Iron rich in protein and fiber helps you get leaner and eat better

Food rich in high levels of iron and protein can help you get your body to produce more iron and absorb more calcium, according to a study published in the Journal of Nutrition.

Iron is an important mineral that is essential for building bone and muscles.

Iron can be found in foods such as legumes, beans, cereals, and nuts.

It is also found in dairy products, dairy products fortified with calcium, and dairy products such as cheese, yogurt, and butter.

The iron found in food also helps to regulate blood sugar and control blood clotting.

But in some cases, it may cause weight gain.

So, researchers at the University of Wisconsin-Madison and the University at Buffalo, in New York, set out to find out how food can affect bone health.

To find out if iron is linked to bone health, the researchers collected bone samples from 43 adults aged 18 to 70.

They then compared the bone mineral content in the samples with the levels of the common dietary iron, manganese, and copper that are common in foods that people consume.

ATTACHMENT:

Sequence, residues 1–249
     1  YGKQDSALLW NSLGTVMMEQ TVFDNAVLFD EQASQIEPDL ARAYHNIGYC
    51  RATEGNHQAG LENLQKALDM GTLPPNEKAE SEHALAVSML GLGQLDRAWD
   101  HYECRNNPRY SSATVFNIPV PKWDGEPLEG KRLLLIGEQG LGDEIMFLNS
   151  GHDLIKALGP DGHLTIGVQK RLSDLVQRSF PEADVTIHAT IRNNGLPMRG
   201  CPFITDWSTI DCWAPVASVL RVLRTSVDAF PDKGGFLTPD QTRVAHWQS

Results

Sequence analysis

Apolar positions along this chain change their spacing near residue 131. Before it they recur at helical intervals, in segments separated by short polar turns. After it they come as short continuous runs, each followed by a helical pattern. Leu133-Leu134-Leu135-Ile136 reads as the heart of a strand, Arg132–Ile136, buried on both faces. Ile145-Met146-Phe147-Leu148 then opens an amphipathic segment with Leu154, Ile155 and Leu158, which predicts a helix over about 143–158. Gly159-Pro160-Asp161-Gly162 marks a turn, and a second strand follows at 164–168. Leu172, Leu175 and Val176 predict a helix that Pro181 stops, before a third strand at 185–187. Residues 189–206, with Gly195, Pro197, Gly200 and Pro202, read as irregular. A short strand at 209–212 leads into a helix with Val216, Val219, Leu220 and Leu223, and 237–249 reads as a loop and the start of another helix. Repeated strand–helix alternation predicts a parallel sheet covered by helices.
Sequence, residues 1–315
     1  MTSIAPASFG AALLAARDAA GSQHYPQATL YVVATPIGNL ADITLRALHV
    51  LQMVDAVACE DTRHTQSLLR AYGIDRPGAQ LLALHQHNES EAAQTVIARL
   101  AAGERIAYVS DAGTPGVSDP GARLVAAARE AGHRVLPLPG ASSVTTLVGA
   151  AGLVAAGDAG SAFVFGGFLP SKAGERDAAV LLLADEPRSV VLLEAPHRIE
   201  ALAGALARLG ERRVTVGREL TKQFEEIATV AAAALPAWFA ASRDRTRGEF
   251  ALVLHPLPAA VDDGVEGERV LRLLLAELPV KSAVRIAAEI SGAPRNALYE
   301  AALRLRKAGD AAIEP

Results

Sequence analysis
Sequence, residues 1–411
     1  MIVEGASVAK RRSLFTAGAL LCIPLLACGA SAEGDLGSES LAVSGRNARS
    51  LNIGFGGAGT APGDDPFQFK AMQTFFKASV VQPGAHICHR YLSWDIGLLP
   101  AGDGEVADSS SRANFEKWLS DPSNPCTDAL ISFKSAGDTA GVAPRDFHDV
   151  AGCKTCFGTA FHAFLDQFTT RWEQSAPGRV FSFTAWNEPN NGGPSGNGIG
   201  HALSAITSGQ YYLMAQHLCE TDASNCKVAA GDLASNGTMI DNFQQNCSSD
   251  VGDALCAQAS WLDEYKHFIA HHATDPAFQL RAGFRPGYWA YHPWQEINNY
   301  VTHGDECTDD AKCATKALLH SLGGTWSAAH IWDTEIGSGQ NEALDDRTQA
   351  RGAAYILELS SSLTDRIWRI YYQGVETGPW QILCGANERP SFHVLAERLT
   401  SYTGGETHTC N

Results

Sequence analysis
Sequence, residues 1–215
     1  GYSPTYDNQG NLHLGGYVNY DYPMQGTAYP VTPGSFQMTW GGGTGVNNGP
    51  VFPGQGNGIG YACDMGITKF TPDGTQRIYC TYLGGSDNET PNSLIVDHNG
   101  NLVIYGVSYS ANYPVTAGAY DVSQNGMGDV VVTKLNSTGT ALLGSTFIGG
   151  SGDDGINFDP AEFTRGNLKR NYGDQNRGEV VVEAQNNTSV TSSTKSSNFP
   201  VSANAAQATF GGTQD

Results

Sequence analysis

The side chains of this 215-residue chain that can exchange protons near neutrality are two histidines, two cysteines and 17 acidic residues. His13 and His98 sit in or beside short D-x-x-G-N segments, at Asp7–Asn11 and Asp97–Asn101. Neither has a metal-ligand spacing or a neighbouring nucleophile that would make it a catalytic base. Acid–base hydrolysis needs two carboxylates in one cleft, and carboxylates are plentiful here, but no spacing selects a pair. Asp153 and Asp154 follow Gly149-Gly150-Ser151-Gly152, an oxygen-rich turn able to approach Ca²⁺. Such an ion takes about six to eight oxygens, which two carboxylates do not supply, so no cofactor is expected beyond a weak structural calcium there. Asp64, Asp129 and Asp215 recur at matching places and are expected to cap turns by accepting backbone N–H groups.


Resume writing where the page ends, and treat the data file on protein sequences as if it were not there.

The results were surprising.

People who ate more iron were more likely to have higher bone mineral density (BMD), which means that the amount of calcium in the bones was higher.

And the more people ate iron, the higher the BMD.

Iron also correlated with a higher amount of vitamin D in the blood.

People with more iron also had lower levels of vitamin K2, which is a vitamin that is important in regulating blood sugar levels and blood clotters.

In short, iron seemed to make the bones stronger, and people with higher BMD were less likely to get bone fractures.

People also were less prone to osteoporosis.

“Our findings show that high intakes of dietary iron and vitamin D have a beneficial effect on bone health,” the researchers wrote.

“Iron is an essential nutrient for bone health and supports the maintenance of healthy bone mass.”

They also concluded that people who ate the most foods with iron in them also tended to have the highest BMD, as well as lower vitamin K1, which was also associated with lower BMD and lower vitamin D. “It is clear that iron plays a role in bone health in adults,” the authors wrote.